Sprint to cut its rates

The General Services Administration's Federal Telecommunications Service last week struck a deal with Sprint to decrease its rates on FTS 2000 and save an estimated $86 million over the remainder of the contract.

John Okay, deputy commissioner of FTS, said those savings are in addition to an estimated $600 million obtained through lower prices that resulted from last year's FTS 2000 recompetition between AT&T and Sprint.

FTS commissioner Bob Woods said the agreement almost completely eliminates the price differential between AT&T and Sprint. He said Sprint will drop its rates from 8 cents per minute to 5.9 cents per minute.

Woods said those rates were actually slated to increase to 9.8 cents per minute later this year after the Treasury Department transferred its traffic onto AT&T's network, but instead they will decrease.

Sprint's new pricing will go into effect Oct. 1, Okay said.

Because AT&T's pricing after the recompetition severely undercut Sprint's rates, agencies left on Sprint's portion of the network were frustrated that they continued to pay substantially more for service than their colleagues in other agencies. GSA program officials subsequently threatened to pull all the traffic off Sprint's network if the company did not lower its rates.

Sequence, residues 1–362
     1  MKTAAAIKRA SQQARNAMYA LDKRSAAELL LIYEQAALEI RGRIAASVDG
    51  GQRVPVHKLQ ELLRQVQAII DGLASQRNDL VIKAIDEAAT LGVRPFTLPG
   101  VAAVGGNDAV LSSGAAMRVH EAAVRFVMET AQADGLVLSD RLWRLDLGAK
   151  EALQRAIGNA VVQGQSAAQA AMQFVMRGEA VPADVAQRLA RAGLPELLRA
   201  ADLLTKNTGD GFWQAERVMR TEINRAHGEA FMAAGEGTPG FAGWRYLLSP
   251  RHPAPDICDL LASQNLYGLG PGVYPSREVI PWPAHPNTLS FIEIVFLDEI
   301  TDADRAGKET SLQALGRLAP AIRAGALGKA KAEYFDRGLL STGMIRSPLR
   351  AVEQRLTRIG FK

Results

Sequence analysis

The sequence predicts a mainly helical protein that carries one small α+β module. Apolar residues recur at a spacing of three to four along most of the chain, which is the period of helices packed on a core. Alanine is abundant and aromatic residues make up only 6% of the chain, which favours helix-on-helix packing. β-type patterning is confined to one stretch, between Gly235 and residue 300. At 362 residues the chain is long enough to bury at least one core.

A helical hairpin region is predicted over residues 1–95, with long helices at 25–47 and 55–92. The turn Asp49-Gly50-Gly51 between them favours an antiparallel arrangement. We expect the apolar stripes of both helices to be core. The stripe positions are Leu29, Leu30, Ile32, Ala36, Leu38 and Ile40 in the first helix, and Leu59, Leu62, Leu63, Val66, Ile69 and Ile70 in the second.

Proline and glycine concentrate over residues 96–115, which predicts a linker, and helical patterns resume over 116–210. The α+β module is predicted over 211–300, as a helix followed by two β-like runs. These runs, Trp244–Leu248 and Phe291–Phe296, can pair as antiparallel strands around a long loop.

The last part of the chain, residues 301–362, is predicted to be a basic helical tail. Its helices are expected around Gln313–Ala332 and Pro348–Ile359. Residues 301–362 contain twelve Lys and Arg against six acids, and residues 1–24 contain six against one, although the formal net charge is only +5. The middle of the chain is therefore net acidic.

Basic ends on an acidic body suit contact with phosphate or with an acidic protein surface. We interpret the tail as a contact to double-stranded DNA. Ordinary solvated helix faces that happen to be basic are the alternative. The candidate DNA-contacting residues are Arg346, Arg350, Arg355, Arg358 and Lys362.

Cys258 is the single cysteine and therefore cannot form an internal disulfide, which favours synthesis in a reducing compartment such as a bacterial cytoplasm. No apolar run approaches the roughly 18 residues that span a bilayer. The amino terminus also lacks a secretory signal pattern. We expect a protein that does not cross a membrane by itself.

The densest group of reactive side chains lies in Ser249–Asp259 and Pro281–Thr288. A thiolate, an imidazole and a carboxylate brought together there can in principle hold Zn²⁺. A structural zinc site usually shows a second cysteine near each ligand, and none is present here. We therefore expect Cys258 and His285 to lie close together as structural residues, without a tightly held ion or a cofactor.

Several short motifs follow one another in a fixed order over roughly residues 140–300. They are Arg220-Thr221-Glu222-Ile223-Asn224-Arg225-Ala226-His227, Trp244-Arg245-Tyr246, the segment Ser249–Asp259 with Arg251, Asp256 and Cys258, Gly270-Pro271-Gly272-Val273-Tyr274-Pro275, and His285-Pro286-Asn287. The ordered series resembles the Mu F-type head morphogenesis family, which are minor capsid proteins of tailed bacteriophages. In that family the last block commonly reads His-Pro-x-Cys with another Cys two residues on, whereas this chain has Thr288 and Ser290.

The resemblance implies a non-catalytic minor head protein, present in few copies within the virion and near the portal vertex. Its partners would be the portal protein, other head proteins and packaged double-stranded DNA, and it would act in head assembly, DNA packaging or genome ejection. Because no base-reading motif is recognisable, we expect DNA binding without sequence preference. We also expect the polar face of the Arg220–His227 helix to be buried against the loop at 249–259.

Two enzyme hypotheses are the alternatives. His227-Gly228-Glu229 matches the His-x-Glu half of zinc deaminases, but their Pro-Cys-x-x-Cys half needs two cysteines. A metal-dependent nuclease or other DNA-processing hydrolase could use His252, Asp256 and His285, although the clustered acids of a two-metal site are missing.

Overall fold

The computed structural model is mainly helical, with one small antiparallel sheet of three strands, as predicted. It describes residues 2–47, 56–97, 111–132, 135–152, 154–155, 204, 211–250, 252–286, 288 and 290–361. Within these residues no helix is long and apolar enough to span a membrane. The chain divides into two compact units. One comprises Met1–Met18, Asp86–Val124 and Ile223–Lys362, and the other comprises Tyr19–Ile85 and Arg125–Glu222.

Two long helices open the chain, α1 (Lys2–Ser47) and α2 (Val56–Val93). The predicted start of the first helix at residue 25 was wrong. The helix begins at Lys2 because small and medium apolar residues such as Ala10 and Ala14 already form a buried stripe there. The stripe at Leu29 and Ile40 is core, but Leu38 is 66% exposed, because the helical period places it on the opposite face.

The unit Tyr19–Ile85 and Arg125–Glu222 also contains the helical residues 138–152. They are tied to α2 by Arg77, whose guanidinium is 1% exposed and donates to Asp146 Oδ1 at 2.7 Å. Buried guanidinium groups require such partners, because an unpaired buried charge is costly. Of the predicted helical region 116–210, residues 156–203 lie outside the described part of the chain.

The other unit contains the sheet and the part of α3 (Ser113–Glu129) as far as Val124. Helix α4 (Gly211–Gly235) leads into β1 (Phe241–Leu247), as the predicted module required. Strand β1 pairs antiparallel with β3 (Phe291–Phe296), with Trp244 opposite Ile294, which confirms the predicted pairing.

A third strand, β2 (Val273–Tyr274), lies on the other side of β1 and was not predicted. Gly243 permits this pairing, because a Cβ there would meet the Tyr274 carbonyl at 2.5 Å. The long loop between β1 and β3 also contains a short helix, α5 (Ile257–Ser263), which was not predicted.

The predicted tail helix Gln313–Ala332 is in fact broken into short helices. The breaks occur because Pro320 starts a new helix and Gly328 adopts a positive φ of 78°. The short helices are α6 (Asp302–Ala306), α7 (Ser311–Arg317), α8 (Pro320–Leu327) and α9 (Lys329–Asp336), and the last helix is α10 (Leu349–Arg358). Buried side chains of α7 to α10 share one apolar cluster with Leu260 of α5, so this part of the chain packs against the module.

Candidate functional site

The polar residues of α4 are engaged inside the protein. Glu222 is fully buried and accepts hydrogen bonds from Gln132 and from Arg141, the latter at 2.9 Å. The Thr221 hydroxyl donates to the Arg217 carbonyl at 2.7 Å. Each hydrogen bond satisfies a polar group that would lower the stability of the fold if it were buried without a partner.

Mark Boster, deputy assistant attorney general for IRM at the Justice Department, confirmed last week before the agreement that DOJ users were dissatisfied with the pricing on Sprint's network, saying he looked forward to a deal that would bring prices down.

Okay credited Sprint for willingly coming to the negotiating table rather than attempting to oppose GSA.

"I think we had a cooperative set of negotiations," Okay said. "It's a good demonstration of the relationship between Sprint, its customer agencies and the FTS staff."

Jim Payne, Sprint's assistant vice president for FTS 2000, said his company had been prepared to negotiate a deal even before it was approached by GSA.

"To some extent, this was anticipated," Payne said. "This is not the first time that Sprint has made price reductions in response to changes in the industry and agency demands."

He also said the agreement left the door open for Sprint to add to its network traffic new users who might be attracted to Sprint because the company adds new capabilities to the network.

"We did build into our agreement an incentive for the government to give us more traffic," Payne said. "There are still some exciting areas, such as [electronic data interchange] or e-mail, that may come forward."

Although Sprint's pricing will remain slightly higher than AT&T's, those prices could fall if Sprint adds more traffic to its network, Woods said.


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